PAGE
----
In 2005, a new front in prime-time's reality-competition war was opened: dance. On opposite sides were Dancing With the Stars (on ABC) and So You Think You Can Dance (on Fox). But despite the two series' superficial similarities—both obviously focus on dancing—So You Think You Can Dance arguably has more in common with American Idol than it does with Dancing With the Stars. Whereas ABC's show pairs spotlight-seeking celebrities with professional dancers in a ballroom-style competition, So You Think You Can Dance scours America for mostly undiscovered hoofers … who want to become spotlight-seeking celebrities.
Early episodes each season involve the show's panel of three (or sometimes four) judges overseeing preliminary auditions. The field is quickly whittled down to 20 finalists who move on to Las Vegas and must there perform a variety of different dance styles, both solo and with other dancers, to stay alive in the competition. Viewers' votes combine with the judges' assessments to determine who does the happy dance and who shuffles off the stage.
Chief among the judges is the show's executive producer and co-creator, Nigel Lythgoe (who also helped launch American Idol). A former dancer and choreographer himself before moving into film and television producing, Lythgoe plays the now almost trite role of the blunt Brit. Joining him is one other permanent judge as well as a revolving door of celebrity guest judges. Permanent judges (which, despite the title, don't usually last for more than two or three seasons) have included Mary Murhpy, Adam Shankman and Mia Michaels. Guest judges have included Lady Gaga, Ellen DeGeneres, Neil Patrick Harris, Katie Holmes, Megan Mullally and Kristen Chenoweth.
As is so often the case on American Idol, So You Think You Can Dance can vacillate jarringly between tear-jerking inspiration and unexpectedly racy content. Participants frequently share stories of overcoming adversity en route to participating on the show, for example. Then there are performers who are eager to share entirely too much—as in, say, shedding all of their clothes—in a risqué effort to stand out from the crowd. (Such scenes are shown in censored fashion.)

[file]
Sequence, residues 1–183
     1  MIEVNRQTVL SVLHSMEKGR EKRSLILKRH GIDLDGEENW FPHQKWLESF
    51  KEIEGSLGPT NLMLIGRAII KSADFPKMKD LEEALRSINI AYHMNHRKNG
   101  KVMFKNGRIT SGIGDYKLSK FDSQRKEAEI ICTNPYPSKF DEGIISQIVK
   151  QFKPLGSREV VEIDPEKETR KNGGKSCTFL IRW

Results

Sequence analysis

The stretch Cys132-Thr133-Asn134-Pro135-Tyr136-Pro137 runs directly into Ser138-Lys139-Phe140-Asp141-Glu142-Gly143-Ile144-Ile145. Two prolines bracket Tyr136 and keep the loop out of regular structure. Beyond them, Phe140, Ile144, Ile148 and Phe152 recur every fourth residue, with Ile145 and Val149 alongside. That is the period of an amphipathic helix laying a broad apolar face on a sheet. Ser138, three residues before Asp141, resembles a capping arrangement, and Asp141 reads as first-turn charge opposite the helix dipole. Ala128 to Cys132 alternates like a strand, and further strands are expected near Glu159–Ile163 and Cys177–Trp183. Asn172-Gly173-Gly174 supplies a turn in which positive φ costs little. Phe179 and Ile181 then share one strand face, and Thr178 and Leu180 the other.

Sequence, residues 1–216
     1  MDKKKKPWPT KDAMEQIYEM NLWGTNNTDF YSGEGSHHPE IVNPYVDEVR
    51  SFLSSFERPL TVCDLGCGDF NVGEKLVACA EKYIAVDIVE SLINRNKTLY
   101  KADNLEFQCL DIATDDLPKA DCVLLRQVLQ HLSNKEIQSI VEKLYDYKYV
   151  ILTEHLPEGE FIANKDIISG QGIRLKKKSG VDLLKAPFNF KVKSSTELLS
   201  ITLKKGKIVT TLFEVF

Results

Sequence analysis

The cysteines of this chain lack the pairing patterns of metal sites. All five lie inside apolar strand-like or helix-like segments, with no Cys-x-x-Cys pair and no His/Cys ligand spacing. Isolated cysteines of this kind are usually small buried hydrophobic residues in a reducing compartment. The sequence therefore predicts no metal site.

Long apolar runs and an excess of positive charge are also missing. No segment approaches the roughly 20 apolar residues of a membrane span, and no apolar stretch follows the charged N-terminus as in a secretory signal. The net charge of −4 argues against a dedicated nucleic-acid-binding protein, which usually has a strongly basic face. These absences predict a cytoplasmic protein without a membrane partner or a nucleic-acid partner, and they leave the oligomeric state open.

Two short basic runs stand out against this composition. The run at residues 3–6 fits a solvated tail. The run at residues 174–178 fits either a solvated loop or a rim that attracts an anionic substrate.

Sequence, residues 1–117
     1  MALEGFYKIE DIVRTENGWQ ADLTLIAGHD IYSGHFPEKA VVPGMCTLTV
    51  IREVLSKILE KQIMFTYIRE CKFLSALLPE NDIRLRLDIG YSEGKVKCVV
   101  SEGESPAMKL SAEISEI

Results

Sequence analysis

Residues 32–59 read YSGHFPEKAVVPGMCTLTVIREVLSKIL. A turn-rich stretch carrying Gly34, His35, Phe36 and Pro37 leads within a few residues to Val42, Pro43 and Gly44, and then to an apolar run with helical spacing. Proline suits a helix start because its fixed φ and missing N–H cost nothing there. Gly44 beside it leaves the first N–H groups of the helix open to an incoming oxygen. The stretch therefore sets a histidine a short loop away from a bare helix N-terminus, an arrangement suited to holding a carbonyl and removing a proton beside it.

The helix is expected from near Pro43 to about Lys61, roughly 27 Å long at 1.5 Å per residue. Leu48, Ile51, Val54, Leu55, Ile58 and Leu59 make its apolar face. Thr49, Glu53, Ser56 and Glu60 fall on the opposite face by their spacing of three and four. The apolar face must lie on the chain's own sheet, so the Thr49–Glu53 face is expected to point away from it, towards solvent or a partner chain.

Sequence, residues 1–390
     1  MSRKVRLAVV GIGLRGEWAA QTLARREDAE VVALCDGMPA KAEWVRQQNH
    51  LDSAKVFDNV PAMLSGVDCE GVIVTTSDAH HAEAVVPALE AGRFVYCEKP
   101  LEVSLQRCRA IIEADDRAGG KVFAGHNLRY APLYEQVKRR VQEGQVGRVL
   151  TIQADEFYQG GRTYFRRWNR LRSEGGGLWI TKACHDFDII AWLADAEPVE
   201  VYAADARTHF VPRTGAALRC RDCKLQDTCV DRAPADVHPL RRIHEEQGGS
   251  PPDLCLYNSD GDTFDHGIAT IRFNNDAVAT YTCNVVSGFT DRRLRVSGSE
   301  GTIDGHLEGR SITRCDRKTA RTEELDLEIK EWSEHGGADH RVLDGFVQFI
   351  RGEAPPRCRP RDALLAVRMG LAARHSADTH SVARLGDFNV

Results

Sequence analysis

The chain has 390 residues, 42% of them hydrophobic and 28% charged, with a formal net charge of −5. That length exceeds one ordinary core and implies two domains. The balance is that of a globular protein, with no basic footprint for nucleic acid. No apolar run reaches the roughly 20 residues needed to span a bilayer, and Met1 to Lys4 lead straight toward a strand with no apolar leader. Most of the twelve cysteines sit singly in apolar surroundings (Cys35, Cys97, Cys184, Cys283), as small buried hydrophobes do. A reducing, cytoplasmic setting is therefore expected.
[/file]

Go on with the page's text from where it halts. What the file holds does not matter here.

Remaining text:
The dancing itself shifts back and forth across a similar continuum. Many contestants exhibit beautiful, jaw-dropping technical ability as they engage in just about every dance style you've ever heard of (and a few that you haven't), from ballet, ballroom and jazz to contemporary, hip-hop and club. Frequently, though, there's an undeniably sensual element involved, whether it's contestants' penchant for skimpy, clingy outfits or the suggestive, sometimes overtly sexual (dubbed "dirty" by a judge in Season 9) nature of the dancing itself.
Inspiring moments include the story of brother and sister dancers who survived a horrible car accident just before the audition. Hospital photos show him bloodied and in a coma. Another hard-luck tale involves a teen whose mother disowned her, prompting a judge to say, "I'm praying to God that your family will come around."
Lythgoe tells contestants he doesn't want to see any "bootie shaking," which prompts guest judge Jessie Tyler Ferguson (from Modern Family) to say, "I wanna see bootie shaking. I want to see you feeling yourself up." And, clearly, Lythgoe was joking anyway, because when a male contestant removes his shirt, Lythgoe tells female competitors they're free to do the same. He also comments approvingly on a female dancer in a short skirt who isn't wearing underwear. (Audiences see a censor box cover her backside.)
A Season 4 contestant who removed all his clothes returns (prompting a re-airing of that previous audition) and dances suggestively with an audience member. A young man doing a dance called "waacking" leads to a double entendre filled conversation unsubtly hinting at masturbation. One woman's training—which we see—involves pole dancing.
Inappropriate language includes exclamations of God's name and "a‑‑."